Just remember to bring very warm clothes with you when visiting in the winter. It’s normal for temperatures to be below zero (Fahrenheit), which can be dangerous for exposed or ill-protected skin. Also, snow and ice are part of daily life during the winter months, so be sure to wear boots that have good tread for stability as you walk the hills and stairs. Also, one way the city provides traction on sidewalks is to put down crushed stone with salt. You’ll track this into buildings, so be courteous and clean your shoes before walking inside.
If you’re there in warmer weather:
- The Plains of Abraham offer a quiet place to enjoy natural beauty in the heart of the city. But this location wasn’t always so peaceful. In 1759, it was the site of the Battle of Québec – a clash between French and British forces. Remember that Québec City wasn’t fortified to make it look good (even though it does), but rather because it was a city on the frontier of a heavily disputed part of the New World. Today, the main reminder of those turbulent times is the Citadelle, which was built starting in 1820. The Plains of Abraham feature walking paths and beautiful views of the St. Lawrence River. You can even walk around the walls of the Citadelle or visit the Musée Royal 22E Régiment, which is a great way to learn about the active regiment that still calls the fort home.
- Walking around offers an opportunity to not only see a beautiful city, but to enjoy the free public art in the form murals and sculptures. These pieces of art are available to view 365 days per year – rain or shine, snow or sun. It just seems to be better when you can enjoy them in the warmth of a summer afternoon.
- You can see the heart and soul of a city when you visit its main market, and for Québec City that would be the Marché du Vieux Port. It’s a year-round market that’s protected from the elements, but I think it really shines during peak growing season. That’s when it’s teeming with vendors and shoppers. The bounty of beautiful and delicious foods for sale will boggle your mind, and I encourage you to try everything you can. The vendors love to chat and are usually willing to offer samples of their products.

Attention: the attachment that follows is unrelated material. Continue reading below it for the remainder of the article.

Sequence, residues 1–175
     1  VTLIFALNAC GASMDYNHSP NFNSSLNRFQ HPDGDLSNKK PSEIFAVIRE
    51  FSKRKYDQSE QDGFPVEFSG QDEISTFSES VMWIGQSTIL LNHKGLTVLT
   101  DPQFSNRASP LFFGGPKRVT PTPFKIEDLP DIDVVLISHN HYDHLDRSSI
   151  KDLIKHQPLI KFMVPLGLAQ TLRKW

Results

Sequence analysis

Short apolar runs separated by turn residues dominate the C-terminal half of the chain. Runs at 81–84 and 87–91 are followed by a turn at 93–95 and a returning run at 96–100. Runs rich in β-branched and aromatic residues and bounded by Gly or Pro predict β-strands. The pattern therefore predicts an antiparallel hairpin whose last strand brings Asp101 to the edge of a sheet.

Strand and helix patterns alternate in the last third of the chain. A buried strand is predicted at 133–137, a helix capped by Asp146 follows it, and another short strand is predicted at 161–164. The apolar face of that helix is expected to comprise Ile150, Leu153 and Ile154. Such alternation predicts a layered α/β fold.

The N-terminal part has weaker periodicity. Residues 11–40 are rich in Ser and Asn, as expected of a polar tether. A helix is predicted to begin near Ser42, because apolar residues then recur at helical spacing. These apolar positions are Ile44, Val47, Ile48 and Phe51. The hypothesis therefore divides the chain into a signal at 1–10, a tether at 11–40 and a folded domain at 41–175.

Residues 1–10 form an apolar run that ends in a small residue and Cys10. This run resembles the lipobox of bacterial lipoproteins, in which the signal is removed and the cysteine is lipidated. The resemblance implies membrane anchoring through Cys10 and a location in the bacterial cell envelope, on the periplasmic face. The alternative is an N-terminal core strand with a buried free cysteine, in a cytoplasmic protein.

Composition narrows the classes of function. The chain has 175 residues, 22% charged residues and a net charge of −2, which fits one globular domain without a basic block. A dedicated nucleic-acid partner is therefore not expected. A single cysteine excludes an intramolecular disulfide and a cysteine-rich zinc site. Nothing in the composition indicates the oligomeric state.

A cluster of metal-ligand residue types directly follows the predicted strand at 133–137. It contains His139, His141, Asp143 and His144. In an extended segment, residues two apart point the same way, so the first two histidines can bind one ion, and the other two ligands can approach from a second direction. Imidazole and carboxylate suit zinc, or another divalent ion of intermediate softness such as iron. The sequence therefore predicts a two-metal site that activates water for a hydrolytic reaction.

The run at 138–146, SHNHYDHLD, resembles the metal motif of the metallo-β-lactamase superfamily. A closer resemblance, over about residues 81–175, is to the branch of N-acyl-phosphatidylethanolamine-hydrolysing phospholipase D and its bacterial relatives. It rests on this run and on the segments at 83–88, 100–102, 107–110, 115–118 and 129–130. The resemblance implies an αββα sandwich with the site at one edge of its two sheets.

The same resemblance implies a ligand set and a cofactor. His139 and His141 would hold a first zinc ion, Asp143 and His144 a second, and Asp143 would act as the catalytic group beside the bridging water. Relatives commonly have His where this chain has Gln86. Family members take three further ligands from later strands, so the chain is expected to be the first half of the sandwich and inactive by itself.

- Just over 12 km or about 10 minutes from Québec City is Île d’Orléans. This island, only accessible by the Pont de l’Île, is only 75 km in circumference and is the breadbasket of the region. It’s where farming took root in the area and it still boasts wonderful vineyards, cideries, and farms. It’s great to just drive around the island visiting the farms, talking to the farmers, and trying some delicious foods. There are also plenty of opportunities to walk around and explore the natural beauty of this gorgeous place.
- About 11 km or about 10 minutes from Québec City sits one of the natural wonders of the area: Parc de la Chute-Montmorency. The park, open year-round, is home to a waterfall that took my breath away the first time I saw it. It’s amazing to look at from afar, but you can also take a cable car to the walkway the goes over the top of the waterfall. There are also opportunities for hiking, zip lining, and many other outdoor activities.
- Sometimes, there’s no better way to enjoy a warm afternoon than sitting at a table with a nice glass of wine (beer or cider) and a charcuterie board. For me, the place to do this in Québec City is Bistrot Le Pape Georges in the Quartier Petit Champlain section of the city. I continue to return to this restaurant time and time again. It’s actually one of the places in my dreams when I think about returning. It’s that special!
As with most places that suffer through sub-zero winter temperatures, the warmer months are welcomed with joy and enthusiasm. But the great thing about Québec City is that it’s a city that you can enjoy no matter the time of year.
Do you have some suggestions of places I overlooked? Please feel free to add them in the comments.